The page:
I met one today. I’ll call him Joe. He’s been in and around insurance for the last 20 years. Now he’s making a move, buying up a few struggling carriers, small blocks that have been led by tech-resistant exec’s who say “No” to anything unfamiliar (like anything Internet). I can’t wait to see what Joe does, now that he’s partnering with a Web developer that can make his ideas a reality. He’s got a vision of taking on the rest of medium-sized carriers (not necessarily the big guns like Humana and Anthem) with high-powered technology and creative products. He’s both chasing Net-ready agents and planning to sell direct.

While I was waiting to go in to see Joe in his humble, suburban Chicago office space, the latest issue of I&T fell out of my bag – cover story: Tech Savvy CEO’s. The article made some interesting and timely points. Bill Pieroni, GM of IBM Global Insurance Industry, says that true (i.e. authentic, effective, engaged, ethical, etc.) leadership has a “vision for the future and considers, from a stewardship perspective, what is going to be the fundamental basis of competition 5, 10, even 15 years from now.” I guess the undertone in that statement is… enough with the decision-making that only looks 90-days out; enough of the endless CEO cliché’s maximizing shareholder value while serving the customer, blah, blah, blah. On the contrary, let’s make every effort to do our homework, read, study, communicate, understand, and give meaningful new insights into where the market should go and how to best compete on that playing field over the long haul.

OK, I’ll admit, I’m not a CEO. I only talk to them day-in day-out. Maybe if I was a CEO, I would have greater empathy for the RRRREST of the story. But sometimes it seems that when the CEO finally gets to that position, at least in the Health and Life biz, he or she kind of runs out of gas and goes into protection mode, stops working on his or her skills, only reads the “in” books, etc., etc.. (Actually, mostly the “he’s” – the “she’s” don’t seem to fall into that trap as much, perhaps because there’s fewer of them.)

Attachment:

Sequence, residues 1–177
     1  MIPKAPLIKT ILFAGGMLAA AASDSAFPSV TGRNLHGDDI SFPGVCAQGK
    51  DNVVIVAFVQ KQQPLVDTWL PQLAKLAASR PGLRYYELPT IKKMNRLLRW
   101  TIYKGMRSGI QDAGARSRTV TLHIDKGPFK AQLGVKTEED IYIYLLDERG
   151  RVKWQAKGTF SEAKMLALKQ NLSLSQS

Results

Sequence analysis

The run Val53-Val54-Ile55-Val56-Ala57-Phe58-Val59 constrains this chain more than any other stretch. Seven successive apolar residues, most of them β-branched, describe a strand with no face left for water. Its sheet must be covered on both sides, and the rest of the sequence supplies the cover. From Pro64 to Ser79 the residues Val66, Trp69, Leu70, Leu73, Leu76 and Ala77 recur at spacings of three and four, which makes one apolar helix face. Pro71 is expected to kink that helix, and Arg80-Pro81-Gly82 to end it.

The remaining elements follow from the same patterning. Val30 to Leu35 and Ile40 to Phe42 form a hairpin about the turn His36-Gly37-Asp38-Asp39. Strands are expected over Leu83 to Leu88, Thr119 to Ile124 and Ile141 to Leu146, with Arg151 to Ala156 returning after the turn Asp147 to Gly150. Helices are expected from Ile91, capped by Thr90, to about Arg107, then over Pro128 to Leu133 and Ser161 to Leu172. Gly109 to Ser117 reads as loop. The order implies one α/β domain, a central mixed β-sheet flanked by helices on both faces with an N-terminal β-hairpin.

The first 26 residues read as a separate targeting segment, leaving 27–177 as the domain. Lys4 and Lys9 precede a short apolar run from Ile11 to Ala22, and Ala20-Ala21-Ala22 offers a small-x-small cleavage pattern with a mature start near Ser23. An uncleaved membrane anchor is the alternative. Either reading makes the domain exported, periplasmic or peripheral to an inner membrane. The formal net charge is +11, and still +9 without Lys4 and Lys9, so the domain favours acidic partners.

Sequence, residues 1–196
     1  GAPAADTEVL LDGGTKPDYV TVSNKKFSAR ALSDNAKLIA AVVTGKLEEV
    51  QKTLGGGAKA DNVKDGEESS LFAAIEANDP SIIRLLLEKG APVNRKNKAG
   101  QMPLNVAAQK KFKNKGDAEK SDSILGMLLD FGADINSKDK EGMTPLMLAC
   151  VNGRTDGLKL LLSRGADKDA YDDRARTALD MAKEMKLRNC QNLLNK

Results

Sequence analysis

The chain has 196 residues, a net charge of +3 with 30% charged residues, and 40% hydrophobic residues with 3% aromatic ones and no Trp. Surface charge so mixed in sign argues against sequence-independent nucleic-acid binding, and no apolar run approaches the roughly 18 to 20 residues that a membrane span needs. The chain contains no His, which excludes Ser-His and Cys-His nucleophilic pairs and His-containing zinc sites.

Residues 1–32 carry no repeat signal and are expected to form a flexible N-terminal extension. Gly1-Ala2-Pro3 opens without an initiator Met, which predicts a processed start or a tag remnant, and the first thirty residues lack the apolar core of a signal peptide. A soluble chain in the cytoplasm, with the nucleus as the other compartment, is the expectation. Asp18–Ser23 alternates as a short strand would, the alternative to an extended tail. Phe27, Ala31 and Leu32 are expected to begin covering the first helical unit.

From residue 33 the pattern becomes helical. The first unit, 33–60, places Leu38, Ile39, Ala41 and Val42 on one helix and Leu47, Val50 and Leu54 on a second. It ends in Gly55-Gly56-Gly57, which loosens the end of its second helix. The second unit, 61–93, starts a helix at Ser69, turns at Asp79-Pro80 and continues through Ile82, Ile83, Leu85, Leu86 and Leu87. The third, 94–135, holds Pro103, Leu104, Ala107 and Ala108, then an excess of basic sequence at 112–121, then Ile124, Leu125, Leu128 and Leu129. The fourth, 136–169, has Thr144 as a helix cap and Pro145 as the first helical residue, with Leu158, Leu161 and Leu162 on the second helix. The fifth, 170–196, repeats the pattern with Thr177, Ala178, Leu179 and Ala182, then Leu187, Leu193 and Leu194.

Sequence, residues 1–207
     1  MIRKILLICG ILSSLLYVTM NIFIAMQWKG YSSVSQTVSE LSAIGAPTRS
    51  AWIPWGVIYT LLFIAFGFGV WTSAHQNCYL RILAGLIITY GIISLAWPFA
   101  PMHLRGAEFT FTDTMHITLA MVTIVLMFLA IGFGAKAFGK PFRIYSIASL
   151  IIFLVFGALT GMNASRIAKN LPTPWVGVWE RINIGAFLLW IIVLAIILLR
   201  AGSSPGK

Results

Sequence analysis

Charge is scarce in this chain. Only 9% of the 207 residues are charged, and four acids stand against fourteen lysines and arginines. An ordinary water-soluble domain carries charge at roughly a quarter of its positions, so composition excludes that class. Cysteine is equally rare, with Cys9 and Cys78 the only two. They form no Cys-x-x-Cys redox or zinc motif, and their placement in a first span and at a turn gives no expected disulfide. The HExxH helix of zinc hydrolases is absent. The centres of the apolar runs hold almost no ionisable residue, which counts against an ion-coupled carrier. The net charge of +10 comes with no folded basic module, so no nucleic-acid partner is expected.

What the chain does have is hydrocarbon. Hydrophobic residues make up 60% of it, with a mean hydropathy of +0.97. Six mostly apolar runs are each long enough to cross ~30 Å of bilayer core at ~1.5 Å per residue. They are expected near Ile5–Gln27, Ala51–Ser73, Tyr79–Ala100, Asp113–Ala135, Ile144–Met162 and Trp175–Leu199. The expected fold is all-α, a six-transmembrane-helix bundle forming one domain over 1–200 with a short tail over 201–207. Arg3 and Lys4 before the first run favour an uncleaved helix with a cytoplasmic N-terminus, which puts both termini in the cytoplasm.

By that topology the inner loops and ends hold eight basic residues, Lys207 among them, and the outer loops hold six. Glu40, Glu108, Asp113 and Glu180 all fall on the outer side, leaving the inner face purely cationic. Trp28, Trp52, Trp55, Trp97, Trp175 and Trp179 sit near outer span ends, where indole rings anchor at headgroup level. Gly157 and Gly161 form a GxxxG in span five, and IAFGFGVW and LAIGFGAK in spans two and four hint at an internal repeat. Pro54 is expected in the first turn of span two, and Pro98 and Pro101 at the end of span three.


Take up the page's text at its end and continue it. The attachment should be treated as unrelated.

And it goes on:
The article goes on to say that tech savvy CEO’s need to steer their technology in three areas: core insurance capabilities (policy admin and U/W), distribution and products. It seems that very few are (or have been in the last 10-15 years) “exhibiting the longer-term vision and leadership and investing discretionary dollars in this core.” You got that right! But that just leaves more room for the tech savvy CEO like Joe. He’s laughing all the way to the bank. …Now I’m doing my own cliché’s!
On to some cold, hard facts…. Zurich NA: their cost ratio went from 32% to 20% after a three-year process of redefining core processes and leveraging technology. Axel Lehmann says “Do what you have to do and do it right.” As my Dad used to say all the time to me during the log-home building days of my youth, “Do it now. Do your best.” AFLAC’s Dan Amos, an admitted non-tech guru, talks about his SmartApp laptop enrollment system, now handling 88% of new app’s, 58% of which are issued without further intervention – better, faster, cheaper as I like to say – including a 50% reduction in “defect rates.”

Lastly, Mike Frazier of Genworth had a couple excellent comments. First, he points out that effective leaders must look outside the company and industry for business models that drive innovation. “That forces leadership and the individuals within the organization to be good learners.” Exactly! He also mentioned being struck by the lack of technology focus in the insurance vertical as compared to financial services, his background. Perhaps his most compelling thought is that “technology is currently reshaping the industry’s competitive landscape,” an example being his digitalized new-business process. Lastly, with sort of a haunting comment for non-tech-savvy health and life CEO’s: “A business fights against commoditization every day. You have to fight with product innovation, distribution innovation, process innovation, technology innovation, and people innovation.” That’s excellent.

So what does all this mean? If you’re a non-tech-savvy insurance executive – Get in the Game! Shift your focus from the routine to the unfamiliar – right now, today. For those that are blazing the tech trail in health and life, keep it up and spread the word. And, oh yeah, IdeaStar Insurance Technologies can help with the Web quoting and enrollment part! ;-) Rock ‘n Roll…